1.     The Importance of Sleep

The NHS recommends that teens get eight to ten hours of sleep every night to help them feel healthy and rested for the day ahead. I know it is not always easy but try and encourage your teen to keep their mobile device in the kitchen overnight and not in their bedroom. This is particularly relevant when it comes to sleep disturbance and will avoid them socially interacting with friends late at night. Several studies have linked sleep difficulties to screen time. Whether it is the blue light of screens affecting sleep quality or behavioural disturbances that make young people wake to check their phones whilst in bed, keeping it out of reach is a good idea. Sleep is so crucial for the developing adolescent brain, and lack of sleep has been associated with creating a lower mood and depression.

2. Remind them to stop comparing themselves online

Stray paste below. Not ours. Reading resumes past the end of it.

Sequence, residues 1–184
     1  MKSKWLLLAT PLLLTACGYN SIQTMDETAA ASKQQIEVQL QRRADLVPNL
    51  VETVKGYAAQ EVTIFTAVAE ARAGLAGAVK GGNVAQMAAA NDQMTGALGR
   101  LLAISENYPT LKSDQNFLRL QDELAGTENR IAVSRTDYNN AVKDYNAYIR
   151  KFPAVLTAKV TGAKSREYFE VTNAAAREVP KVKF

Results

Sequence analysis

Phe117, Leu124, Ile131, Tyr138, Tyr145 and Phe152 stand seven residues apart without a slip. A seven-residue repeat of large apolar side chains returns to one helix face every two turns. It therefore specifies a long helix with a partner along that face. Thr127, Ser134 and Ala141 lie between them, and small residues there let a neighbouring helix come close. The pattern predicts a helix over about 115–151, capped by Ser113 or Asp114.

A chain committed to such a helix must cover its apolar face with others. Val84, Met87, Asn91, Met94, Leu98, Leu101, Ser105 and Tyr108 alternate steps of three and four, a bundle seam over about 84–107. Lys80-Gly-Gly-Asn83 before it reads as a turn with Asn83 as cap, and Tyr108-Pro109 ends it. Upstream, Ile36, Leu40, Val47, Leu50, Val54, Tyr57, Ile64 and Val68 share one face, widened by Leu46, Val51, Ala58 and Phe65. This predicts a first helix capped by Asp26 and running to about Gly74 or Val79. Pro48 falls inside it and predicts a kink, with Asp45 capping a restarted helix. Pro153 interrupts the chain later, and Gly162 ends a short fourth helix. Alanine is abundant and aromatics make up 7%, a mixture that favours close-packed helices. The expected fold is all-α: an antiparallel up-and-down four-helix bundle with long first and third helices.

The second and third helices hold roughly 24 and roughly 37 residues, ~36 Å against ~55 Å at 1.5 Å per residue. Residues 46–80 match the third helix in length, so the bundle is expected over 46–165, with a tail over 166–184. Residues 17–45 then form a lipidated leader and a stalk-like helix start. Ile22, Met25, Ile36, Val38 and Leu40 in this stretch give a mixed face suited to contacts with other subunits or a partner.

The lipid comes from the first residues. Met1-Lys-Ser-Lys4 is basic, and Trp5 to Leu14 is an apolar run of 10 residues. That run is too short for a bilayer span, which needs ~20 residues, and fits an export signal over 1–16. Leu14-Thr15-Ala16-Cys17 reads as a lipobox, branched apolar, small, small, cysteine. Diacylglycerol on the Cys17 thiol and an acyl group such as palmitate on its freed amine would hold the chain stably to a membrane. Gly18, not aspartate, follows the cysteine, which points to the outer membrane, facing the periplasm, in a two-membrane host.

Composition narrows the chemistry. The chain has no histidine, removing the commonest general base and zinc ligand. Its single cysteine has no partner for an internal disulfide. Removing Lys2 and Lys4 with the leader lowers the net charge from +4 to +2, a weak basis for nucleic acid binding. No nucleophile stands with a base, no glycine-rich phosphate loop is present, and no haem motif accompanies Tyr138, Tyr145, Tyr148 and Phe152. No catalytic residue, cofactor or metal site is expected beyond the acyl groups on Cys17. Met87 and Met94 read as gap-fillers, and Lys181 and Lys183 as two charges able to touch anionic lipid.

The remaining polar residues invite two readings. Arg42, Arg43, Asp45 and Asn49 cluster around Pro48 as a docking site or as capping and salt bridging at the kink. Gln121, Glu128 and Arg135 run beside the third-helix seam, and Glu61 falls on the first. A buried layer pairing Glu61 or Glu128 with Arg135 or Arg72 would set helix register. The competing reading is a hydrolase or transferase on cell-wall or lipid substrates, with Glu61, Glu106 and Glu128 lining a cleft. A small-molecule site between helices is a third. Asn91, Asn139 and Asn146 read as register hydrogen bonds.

It is easy to get caught up in a social media bubble and find yourself comparing your life to others. Some accidentally use social media to measure themselves against and to ‘grade’ themselves in relation to their peers. Remind your teen that in many cases, social media shows an airbrushed, distorted view of people’s lives. The carefully curated images you see on social media can lead you to wonder how all your friends are so successful and how everyone is poolside in Majorca without you.

Remind them that they control their social feed, and the power is in their hands to follow and unfollow whoever they choose. Encourage them to follow people who lift them up or make them feel good and to steer away from heavily filtered handpicked snippets which are simply not real life. We are all amazingly unique in our own way and there is no need to compare ourselves to others. After all, why would you want to be exactly like someone else?

 3. Limit the time spent on social platforms

Talk to your teen about how long they spend on social media and consider whether you both feel they are becoming addictive or are driving comparison. Have some open conversations on that topic.